So.  The snaps above have been inspiring me as I think about projects on the horizon.
 
Back to the project I’ve cast on. 
 
I discovered Wendy Bernard’s website, Knit and Tonic, via MLE’s blog (MLE Knits – love Emily – get it?  M-L-E …emmm-elllll-eeeeee).  Wendy is the author of recently-released and already very popular Custom Knits, which MLE reviewed here, and I think looks like a great book.  It’s now on my Amazon Wish List, where all my dreamy pattern books hang out until I can afford to tell the boys over at Amazon to pick it off the shelf and send it – rescuing it for my exclusive perusal.
 
Wendy is great.  She’s got a daughter that’s only a bit older than my niece Maizy.  She calls her daughter Girlfriend, which I love.  Her writing is so much fun to read; you feel like you know her.  She’s fabulous yet not imtimidating.  Her photos of projects are well-considered and creative; often the photo seems more like a potrait being created, it so happens, whilst the model is engaged in some kind of activity fitting with the knit design (à la Rowan – you know what I mean).  Her snapshots make me feel like I’ve been pulled into her movie set.  [Director’s notes in the margin: Gorgeous yet down-to-earth woman enters stage left; she walks gracefully through her lovely, bright, inviting home, adorable daughter in tow.  She moves through to the garden, peering over her shoulder into the camera’s lens as the stunning knitwear she wears catches the glowing light of dusk, the scene thus enhanced by the play of light and shadows.]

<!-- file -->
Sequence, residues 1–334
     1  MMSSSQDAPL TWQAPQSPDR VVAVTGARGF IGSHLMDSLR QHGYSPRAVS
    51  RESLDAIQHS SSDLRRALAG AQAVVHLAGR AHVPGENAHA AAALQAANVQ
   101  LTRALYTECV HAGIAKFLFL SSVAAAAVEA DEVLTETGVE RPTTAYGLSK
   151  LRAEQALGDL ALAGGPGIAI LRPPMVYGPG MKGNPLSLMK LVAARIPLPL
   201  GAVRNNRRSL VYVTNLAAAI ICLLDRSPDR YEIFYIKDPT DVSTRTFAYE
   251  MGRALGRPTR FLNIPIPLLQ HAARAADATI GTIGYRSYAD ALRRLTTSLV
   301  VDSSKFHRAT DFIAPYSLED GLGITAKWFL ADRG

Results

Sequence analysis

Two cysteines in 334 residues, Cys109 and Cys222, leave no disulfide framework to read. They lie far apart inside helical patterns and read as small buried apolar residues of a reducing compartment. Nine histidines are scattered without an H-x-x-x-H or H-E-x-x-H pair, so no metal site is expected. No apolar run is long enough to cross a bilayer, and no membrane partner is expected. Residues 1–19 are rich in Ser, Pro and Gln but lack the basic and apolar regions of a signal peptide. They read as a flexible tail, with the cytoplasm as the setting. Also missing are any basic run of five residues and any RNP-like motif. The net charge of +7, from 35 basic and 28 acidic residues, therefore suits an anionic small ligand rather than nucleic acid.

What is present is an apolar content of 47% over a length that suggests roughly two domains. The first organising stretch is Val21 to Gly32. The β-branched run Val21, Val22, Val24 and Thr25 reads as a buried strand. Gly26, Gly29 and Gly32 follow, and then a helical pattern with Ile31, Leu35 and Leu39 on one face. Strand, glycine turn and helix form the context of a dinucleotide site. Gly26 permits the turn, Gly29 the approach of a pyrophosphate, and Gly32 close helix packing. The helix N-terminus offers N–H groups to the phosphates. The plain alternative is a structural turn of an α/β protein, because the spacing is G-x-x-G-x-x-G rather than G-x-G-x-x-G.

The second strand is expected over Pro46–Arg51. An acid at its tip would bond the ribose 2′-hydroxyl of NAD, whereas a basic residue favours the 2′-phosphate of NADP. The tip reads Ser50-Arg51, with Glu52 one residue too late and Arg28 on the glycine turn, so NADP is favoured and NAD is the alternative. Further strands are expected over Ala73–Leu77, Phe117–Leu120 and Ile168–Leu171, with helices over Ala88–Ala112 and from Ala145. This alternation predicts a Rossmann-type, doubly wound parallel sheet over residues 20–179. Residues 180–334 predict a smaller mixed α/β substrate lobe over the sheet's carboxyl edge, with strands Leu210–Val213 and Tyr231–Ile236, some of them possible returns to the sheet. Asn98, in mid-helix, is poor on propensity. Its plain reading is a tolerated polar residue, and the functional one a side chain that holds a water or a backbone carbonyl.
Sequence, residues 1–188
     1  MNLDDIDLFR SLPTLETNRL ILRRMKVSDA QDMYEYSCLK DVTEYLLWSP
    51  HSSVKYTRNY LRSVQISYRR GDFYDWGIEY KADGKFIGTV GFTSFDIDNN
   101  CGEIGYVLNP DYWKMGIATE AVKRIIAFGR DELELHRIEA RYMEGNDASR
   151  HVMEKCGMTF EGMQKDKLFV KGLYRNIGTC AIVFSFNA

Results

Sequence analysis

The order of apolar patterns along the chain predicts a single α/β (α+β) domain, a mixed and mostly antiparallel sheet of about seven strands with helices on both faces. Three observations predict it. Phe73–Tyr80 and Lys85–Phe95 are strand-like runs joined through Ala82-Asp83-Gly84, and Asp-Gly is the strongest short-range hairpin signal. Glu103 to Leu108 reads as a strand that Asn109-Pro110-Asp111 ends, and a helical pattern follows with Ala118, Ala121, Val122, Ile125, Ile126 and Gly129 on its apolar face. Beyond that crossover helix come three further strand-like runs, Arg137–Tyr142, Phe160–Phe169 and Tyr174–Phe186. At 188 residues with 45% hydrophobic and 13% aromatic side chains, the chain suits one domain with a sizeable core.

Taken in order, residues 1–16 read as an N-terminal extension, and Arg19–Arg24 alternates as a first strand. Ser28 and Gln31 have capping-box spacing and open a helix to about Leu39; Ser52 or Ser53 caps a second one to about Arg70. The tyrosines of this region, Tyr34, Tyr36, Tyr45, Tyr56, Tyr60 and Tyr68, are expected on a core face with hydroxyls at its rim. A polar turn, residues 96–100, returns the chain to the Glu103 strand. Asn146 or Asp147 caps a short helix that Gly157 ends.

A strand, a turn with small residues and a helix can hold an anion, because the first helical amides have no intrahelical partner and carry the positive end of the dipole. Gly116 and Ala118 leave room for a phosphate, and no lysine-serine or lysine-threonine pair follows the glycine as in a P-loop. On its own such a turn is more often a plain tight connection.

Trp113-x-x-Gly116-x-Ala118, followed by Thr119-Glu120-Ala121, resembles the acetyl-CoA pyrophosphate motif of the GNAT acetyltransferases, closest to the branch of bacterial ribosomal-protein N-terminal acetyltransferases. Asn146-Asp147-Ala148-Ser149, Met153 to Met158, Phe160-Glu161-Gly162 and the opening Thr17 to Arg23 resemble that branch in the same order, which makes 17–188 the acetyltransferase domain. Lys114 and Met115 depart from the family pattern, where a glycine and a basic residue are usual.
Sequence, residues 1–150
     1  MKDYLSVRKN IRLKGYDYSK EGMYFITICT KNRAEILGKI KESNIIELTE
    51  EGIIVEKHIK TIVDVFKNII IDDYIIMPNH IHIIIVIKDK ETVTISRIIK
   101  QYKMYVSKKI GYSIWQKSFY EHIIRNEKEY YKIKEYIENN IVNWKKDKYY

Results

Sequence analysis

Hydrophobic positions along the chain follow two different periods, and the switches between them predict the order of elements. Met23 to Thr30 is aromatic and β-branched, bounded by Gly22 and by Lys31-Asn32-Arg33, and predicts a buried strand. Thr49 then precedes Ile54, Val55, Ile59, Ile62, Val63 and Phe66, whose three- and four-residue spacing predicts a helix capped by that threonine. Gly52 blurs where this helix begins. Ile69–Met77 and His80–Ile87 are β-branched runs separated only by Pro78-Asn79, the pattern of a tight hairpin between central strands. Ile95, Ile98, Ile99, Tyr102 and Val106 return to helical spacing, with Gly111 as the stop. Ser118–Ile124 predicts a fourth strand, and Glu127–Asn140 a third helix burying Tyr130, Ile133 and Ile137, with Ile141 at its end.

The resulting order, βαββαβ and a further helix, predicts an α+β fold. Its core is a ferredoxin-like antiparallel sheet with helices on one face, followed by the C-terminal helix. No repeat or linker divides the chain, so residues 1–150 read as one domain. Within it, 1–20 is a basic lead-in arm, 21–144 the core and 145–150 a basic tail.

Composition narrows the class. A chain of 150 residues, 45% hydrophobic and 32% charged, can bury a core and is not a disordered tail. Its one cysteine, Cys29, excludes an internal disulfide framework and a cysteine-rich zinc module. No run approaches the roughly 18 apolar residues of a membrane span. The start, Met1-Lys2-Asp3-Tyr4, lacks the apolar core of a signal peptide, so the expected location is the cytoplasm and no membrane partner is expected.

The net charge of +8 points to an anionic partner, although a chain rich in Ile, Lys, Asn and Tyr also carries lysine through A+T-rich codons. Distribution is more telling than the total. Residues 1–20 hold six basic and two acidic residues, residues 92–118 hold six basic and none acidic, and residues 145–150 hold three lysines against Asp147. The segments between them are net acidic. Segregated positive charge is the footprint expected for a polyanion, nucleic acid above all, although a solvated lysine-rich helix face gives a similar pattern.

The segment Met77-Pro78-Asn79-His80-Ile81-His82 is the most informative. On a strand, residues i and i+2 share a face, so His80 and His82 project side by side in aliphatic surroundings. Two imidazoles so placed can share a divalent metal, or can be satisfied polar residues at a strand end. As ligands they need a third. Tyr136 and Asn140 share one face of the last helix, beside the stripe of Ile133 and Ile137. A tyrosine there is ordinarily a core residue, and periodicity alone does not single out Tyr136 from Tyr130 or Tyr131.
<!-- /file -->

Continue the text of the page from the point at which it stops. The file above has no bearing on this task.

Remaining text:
In other words, she’s hot stuff.  Oh, and did I mention that these knits as featured are of her own design?  Yeah, that’s right.  She also has a few patterns that are free, which I’ll get to in a minute.
 
Needless to say, her blog is quite popular.  There’s a lot to look at.  I started with the links under her Photo Album section in the left sidebar, which drew me in with links called The Winners and The Losers: her buckets for categorizing FOs.
 
The Zephyr Gals, at ZephyrStyle.com